Pulmonary Mycobacterium xenopi infection in non-HIV-infected patients: a systematic review [Review article]
Abstract:SETTING: The incidence of Mycobacterium xenopi infections is increasing worldwide. The characteristics and optimal management of patients with pulmonary M. xenopi infections have not been well established.
METHODS: Systematic review of English- and French-language studies reporting at least two cases of microbiologically confirmed M. xenopi lung infection. Studies were independently reviewed by two reviewers. We described the risk factors and clinical presentation of advanced infection, and examined the impact on clinical success and mortality of including individual antimycobacterial drugs in the treatment regimen.
RESULTS: A total of 48 studies reporting on 1255 subjects were included. The majority were retrospective case series. There was marked heterogeneity among the studies. Patients were generally middle-aged men with a history of obstructive lung disease or prior tuberculosis, presenting with an upper lobe cavitary infection. There was no clear association between administration of particular drugs and clinical success or mortality.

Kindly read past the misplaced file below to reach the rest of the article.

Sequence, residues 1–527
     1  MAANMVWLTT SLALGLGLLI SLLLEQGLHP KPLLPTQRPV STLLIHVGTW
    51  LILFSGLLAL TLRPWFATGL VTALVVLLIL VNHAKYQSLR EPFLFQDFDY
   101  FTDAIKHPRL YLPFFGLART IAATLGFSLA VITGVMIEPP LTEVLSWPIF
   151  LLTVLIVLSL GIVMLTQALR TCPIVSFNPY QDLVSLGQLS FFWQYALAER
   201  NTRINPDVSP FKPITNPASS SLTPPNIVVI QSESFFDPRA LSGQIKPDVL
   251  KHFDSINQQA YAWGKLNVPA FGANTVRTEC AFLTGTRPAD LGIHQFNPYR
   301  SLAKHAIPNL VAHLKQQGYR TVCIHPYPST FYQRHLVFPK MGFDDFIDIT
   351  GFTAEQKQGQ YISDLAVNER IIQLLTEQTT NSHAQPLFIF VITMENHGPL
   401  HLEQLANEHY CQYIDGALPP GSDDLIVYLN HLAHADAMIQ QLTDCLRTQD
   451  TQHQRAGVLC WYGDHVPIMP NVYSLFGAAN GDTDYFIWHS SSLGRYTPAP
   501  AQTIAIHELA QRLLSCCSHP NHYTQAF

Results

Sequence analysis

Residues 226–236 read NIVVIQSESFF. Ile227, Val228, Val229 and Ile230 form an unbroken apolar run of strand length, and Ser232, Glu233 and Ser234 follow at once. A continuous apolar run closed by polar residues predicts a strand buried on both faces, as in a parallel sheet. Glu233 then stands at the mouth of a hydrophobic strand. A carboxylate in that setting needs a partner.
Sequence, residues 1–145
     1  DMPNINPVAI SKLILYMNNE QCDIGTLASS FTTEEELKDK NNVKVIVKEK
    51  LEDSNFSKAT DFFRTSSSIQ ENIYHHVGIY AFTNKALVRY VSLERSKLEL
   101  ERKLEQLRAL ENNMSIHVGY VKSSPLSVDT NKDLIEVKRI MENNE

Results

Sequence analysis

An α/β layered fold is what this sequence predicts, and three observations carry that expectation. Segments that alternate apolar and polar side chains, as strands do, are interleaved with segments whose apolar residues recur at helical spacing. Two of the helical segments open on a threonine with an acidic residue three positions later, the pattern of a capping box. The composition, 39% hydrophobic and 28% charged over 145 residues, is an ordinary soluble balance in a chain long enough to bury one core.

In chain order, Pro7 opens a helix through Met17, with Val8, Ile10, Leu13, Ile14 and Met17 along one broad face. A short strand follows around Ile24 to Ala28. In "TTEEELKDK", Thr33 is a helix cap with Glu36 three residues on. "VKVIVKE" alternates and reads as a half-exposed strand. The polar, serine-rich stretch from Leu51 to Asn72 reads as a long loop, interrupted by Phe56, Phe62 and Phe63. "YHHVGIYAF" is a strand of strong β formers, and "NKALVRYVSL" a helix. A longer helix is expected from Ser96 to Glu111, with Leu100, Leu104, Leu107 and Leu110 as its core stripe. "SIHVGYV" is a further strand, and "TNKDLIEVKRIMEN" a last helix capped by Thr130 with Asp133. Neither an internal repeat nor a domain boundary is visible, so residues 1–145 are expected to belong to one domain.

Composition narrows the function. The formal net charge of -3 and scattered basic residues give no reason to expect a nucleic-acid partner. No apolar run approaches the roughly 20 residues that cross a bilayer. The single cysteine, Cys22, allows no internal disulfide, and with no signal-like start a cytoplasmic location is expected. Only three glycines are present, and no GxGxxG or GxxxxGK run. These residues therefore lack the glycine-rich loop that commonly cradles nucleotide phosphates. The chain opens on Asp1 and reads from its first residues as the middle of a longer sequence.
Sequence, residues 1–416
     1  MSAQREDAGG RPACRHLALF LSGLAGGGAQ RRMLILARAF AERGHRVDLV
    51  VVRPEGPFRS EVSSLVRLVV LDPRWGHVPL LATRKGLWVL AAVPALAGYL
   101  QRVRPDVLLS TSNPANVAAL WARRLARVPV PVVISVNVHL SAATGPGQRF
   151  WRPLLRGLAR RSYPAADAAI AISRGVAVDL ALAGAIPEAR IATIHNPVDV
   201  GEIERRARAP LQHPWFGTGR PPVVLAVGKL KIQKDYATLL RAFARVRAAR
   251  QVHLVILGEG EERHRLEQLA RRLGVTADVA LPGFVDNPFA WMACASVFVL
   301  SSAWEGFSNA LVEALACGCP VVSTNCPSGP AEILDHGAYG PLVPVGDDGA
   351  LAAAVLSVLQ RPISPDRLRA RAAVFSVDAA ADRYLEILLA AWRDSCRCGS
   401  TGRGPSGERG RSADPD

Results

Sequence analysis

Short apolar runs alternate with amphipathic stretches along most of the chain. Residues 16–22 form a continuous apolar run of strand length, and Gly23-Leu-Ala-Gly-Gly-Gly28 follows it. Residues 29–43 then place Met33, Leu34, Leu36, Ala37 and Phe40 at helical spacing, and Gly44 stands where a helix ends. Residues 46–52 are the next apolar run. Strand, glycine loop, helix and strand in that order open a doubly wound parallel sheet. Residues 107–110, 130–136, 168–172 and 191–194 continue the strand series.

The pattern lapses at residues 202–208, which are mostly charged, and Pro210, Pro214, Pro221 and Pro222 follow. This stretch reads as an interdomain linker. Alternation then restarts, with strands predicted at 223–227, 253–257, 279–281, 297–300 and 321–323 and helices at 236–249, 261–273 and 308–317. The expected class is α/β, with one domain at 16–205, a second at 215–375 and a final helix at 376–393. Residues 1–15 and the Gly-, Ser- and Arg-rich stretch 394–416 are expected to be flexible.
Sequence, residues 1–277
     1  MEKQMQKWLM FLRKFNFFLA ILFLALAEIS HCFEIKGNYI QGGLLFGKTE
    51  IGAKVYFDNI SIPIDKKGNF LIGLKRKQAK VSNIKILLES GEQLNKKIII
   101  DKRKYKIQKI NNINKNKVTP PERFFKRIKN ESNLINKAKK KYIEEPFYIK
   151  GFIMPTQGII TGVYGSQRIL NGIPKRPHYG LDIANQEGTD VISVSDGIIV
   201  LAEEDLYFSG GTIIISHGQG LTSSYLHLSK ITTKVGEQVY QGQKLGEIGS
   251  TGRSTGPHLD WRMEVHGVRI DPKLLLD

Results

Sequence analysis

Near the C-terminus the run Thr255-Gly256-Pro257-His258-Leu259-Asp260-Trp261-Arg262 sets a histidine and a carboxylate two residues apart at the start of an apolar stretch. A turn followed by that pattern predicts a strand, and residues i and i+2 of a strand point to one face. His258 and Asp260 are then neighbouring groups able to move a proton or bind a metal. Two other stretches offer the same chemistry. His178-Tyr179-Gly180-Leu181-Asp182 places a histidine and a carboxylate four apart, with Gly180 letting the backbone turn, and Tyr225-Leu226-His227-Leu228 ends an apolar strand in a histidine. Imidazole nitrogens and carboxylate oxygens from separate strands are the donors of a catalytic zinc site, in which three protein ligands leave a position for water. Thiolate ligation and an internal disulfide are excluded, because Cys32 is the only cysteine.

CONCLUSION: We could not demonstrate any advantage of specific drugs in the treatment of pulmonary M.xenopi infection. Observations from the pooled data are likely subject to significant confounding and selection biases. The inability to make firm conclusions on the optimal management of this increasingly common infection strongly underscores the need for further research.
Document Type: Review Article
Affiliations: 1: Division of Respirology, Department of Medicine, University of Toronto, Toronto, Ontario, Canada 2: Department of Medicine, University of Toronto, University Health Network and Mount Sinai Hospital, Toronto, Ontario, Canada
Publication date: 2009-10-01
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